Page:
Campus faculty lacks diversity


While St. Edward’s has a diverse student body, its faculty is largely homogenous.

On a typical day at St. Edward’s University, it is easy to notice the immense diversity among the university’s student population. The same cannot be said among its faculty.

St. Edward’s boasts students from 45 states and 44 countries. It has the second-most diverse student population among its 13 peer institutions including Trinity University, Texas Christian University and Baylor University, according to the Chronicle of Higher Education and the St. Edward’s Fact Book.

In the residence halls, dining halls and classrooms, it is common to hear many foreign languages; anything from Spanish and French to Hindi and Afrikaans.

“Meeting students from other places in the world has opened my eyes to so many new things. It has also opened my mind to think beyond just Texas or the United States,” sophomore Michel-Steve Aoudou said.

While St. Edward’s has a diverse student body, its faculty is largely homogenous.

In 2013, St. Edward’s had 474 part-time and full-time staff members, including faculty. Of these, 85 percent were Caucasian; 6.5 percent were Hispanic; 2.95 percent were Asian; and 1.48 percent were African-American, according to Institutional Research.  

The other 5 percent accounts for faculty with two or more races, faculty whose ethnicity is unknown and nonresident aliens.

This lack of minority representation within the faculty is a problem the university has acknowledged. There is a diversity committee in place whose purpose is to develop and maintain productive dialogue about the value of a diverse faculty.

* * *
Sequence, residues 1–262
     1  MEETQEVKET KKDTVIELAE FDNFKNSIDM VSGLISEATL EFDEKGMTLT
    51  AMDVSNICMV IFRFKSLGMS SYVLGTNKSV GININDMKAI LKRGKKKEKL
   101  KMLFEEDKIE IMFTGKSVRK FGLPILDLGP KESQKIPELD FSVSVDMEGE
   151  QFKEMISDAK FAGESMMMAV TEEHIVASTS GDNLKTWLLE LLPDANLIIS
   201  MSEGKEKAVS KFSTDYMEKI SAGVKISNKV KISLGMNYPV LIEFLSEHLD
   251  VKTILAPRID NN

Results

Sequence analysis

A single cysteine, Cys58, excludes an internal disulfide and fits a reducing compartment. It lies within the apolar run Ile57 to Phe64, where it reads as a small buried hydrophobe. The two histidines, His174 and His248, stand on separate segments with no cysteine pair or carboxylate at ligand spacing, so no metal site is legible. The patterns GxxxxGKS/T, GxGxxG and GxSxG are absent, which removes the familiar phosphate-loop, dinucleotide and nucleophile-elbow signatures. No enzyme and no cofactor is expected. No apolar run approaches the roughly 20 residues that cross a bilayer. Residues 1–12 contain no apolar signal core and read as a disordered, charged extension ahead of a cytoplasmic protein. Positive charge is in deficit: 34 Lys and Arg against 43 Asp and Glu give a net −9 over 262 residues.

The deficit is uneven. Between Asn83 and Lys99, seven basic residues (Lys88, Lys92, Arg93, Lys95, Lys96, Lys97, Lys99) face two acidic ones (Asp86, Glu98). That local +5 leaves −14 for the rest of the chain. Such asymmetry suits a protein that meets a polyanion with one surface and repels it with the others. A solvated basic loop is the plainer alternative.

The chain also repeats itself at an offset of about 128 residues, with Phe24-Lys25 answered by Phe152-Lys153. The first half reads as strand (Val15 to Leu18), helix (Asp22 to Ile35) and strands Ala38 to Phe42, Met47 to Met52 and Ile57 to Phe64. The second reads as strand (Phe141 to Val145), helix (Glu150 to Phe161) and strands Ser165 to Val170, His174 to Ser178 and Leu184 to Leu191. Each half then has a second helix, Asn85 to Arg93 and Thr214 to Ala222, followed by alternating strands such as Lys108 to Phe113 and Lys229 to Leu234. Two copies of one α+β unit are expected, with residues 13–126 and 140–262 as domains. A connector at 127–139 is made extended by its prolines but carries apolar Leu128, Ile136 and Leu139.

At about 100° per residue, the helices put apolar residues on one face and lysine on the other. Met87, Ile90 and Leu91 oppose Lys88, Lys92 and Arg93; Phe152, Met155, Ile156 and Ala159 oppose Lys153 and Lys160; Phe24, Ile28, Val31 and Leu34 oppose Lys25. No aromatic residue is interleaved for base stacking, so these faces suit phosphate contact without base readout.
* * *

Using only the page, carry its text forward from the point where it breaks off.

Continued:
Some of St. Edward’s peer institutions including Baylor University, Trinity University and Texas Christian University also have similar diversity committees.

“One of the things, as a committee, we are trying to draw attention to is the mismatch between our student population and our faculty population,” Co-Chair of the Diversity Committee Kelly Green said.

The committee has noticed that the lack of minority faculty is not just a recruitment problem. There is also a significant difference in retention rates with minorities.

“Are they leaving more than our white faculty?” Green said. “Yes, they are.”

It is not clear how the university plans to keep minority faculty.

“Historically we haven’t made enough of an effort to hire and retain faculty of color,” Arcelia Hernández, a Latina assistant professor of bilingual education and a member of the diversity committee, said. “Just this year we’ve lost two of our minority professors: an African-American and a Latina professor. I think that in some ways the university has missed opportunities to keep high-quality professors.”

The diversity committee is trying to institute a policy of exit interviews when professors leave so that it can better understand what factors are driving away minority faculty from St. Edward’s.

Students are also concerned about the effect that the lack of minority faculty is having on their learning experience and their general college experience. Some students said they feel like they are missing out by not being exposed to different cultural viewpoints.

“I feel like I am being robbed of the connection to my professors,” sophomore Daniel Pérez said. “A professor who is Hispanic, like me, will be able to understand and connect with me being the first in my family to go to college, because that is a common thing for many Hispanics today. It’s just harder to make that connection with a white professor.”

The fact that most professors at St. Edward’s are white brings into question the authenticity of the learning at the university and the diversity of thought on different subjects. As ideal as it would be for race to be irrelevant in the classroom, it is evident that when it comes to certain subjects and topics, the race of the professor does make a difference for some students who are looking for a deeper experience than just a textbook or a lecture can provide.

“With topics like slavery, a professor who does not have a racial connection to the history can certainly teach the facts, but we are here to learn more than just facts,” Aoudou said. “For me, I need a person who can connect and make me feel connected to that history. Minority history and minority issues are just better taught by minority professors if college education really is about being connected to our learning.”

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